Plutarch, "Life of Alexander the Great" Chapter 1:

"My subject in this book is the life of Alexander the King [356-323], and of Julius Caesar [100-44], the conqueror of Pompey the Great [106-48]. The careers of these men embrace such a multitude of events that my preamble shall consist of nothing more than this one plea: if I do not record all their most celebrated achievements [i.e. Annals] or describe any one of them exhaustively [i.e. monograph], but merely summarize for the most part what they accomplished, I ask my readers not to regard this as a fault. For I am writing BIOGRAPHY, not HISTORY, and the truth is that the most brilliant exploits often tell us nothing of the virtues or vices of the men who performed them, while on the other hand a chance remark or a joke may reveal far more of A MAN'S CHARACTER than the mere feat of winning battles in which thousands fall, or of marshalling great armies, or laying siege to cities.

When a portrait painter sets out to create a likeness, he relies above all upon the face and the expression of the eyes, and pays less attention to the other parts of the body. In the same way, it is my intention to dewll upon THOSE ACTIONS WHICH ILLUMINATE THE WORKINGS OF THE SOUL, and by this means to create a portrait of each man's life. I leave the story of his greatest struggles and achievements to be told by others...."

Plutarch, "Life of Demetrius the Besieger" chapter 2:

" may serve as a useful example in my PARALLEL LIVES if I include one or two pairs of men who have been careless of their reputations, and who, because they exercised supreme power or were engaged in great enterprises, made themselves conspicuous by their misconduct. My purpose in doing so is not merely to divert or entertain my readers by giving variety to my writings. I am rather following the example of Ismenias the Theban, who, when he taught the flute, used to show his pupils both good and bad performers, and tell them, 'You should play like this one,' or 'You should not play like that one.' Antigenidas went farther and believed that young men would appreciate good flute-players better if they were given experience of bad ones. In the same way, it seems to me that we shall be the more ready to study and imitate the lives of good men in we know something of those of the wicked and infamous. This book, then, will contain the lives of Demetrius, nicknamed the Besieger of Cities, and Marcus Antonius, the Imperator, men whose lives conspicuously illustrate the truth of Plato's saying that 'great natures produce great vices as well as great virtues.' Both men were notorious womanizers, dirnkers and fighters, both were open-handed, extravagant, and these resemblances were reflected in the similarity of their fortunes...."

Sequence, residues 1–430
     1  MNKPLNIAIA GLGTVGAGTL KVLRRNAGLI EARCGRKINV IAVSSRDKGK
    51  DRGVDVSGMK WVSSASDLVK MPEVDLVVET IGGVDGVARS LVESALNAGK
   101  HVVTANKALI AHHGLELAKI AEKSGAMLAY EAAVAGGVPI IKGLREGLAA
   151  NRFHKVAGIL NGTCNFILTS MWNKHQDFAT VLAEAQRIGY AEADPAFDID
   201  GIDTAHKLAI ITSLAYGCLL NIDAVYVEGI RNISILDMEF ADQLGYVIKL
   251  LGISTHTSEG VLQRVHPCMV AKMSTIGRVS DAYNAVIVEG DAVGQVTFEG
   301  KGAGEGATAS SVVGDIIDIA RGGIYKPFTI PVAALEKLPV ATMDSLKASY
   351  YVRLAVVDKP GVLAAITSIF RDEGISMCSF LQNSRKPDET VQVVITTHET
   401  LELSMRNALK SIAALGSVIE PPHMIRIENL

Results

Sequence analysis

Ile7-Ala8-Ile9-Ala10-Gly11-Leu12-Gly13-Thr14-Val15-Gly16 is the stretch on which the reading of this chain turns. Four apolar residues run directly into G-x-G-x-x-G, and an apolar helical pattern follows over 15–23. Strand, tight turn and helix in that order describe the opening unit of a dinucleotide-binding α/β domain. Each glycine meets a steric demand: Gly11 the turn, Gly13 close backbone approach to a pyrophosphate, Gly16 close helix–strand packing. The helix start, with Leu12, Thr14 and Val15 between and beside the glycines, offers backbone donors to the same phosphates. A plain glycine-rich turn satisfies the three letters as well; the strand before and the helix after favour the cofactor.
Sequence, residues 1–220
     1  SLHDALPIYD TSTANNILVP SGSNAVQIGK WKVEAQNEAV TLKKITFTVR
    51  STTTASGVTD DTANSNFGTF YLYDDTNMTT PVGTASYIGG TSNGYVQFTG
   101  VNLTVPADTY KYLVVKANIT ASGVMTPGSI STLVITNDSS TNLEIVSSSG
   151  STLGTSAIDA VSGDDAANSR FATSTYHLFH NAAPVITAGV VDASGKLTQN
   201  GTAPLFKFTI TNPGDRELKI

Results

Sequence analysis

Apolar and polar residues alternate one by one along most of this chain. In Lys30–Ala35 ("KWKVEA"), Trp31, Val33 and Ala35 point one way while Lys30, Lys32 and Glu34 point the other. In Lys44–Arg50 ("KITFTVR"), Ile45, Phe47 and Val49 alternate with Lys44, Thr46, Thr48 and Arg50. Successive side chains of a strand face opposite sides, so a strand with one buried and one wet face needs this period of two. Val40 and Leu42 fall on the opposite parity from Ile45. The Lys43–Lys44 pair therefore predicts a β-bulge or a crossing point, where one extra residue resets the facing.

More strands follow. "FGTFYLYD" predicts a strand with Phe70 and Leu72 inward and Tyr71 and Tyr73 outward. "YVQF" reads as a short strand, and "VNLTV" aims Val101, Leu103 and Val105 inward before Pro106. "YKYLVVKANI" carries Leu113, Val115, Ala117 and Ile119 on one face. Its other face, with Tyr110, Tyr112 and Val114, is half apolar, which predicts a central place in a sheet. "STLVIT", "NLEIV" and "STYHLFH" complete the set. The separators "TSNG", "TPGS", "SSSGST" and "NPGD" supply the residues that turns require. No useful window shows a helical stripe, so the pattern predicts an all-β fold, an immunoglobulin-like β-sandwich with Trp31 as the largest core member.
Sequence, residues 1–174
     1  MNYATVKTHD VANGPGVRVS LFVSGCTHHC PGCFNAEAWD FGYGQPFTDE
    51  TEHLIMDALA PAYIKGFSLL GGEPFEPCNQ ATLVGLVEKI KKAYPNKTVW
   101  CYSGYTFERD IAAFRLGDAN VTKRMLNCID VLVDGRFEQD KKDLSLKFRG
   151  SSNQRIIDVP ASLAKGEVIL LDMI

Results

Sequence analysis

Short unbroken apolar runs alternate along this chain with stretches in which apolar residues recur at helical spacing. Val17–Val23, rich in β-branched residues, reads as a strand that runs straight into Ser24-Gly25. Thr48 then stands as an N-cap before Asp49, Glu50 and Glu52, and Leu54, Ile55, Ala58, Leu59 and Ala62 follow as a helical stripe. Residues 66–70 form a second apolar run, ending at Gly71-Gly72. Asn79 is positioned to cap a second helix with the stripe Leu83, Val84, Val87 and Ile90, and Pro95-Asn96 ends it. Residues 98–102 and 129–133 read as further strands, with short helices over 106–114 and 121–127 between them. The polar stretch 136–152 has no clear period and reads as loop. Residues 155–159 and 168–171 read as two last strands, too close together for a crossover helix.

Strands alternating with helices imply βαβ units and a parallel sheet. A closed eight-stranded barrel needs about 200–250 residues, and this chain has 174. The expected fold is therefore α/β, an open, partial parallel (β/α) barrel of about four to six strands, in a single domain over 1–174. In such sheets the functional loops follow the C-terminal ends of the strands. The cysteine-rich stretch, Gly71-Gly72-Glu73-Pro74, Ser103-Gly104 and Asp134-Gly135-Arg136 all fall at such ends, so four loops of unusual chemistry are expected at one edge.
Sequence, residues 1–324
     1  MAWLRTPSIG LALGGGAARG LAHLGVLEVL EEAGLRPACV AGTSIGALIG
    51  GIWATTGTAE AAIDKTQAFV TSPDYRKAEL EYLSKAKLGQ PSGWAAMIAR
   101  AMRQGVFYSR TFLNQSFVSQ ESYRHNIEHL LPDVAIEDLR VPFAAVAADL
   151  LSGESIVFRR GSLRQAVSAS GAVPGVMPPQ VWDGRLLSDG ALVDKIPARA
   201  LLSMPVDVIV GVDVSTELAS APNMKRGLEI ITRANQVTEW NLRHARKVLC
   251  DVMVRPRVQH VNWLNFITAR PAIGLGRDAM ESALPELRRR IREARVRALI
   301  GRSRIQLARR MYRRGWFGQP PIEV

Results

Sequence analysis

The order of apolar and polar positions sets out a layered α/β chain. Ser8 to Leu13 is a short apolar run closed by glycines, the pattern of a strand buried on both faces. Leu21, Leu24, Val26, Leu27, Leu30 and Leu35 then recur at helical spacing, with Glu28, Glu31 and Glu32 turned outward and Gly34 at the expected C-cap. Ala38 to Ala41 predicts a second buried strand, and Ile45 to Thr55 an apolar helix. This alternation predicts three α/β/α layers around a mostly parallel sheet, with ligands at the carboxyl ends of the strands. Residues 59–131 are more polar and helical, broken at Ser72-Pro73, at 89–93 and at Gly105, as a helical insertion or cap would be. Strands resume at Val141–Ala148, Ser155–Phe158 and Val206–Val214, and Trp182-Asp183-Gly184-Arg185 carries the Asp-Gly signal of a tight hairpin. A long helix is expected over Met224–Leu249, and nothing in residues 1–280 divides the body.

January 26, 2010 8:54 AM

John Paul Adams, CSUN

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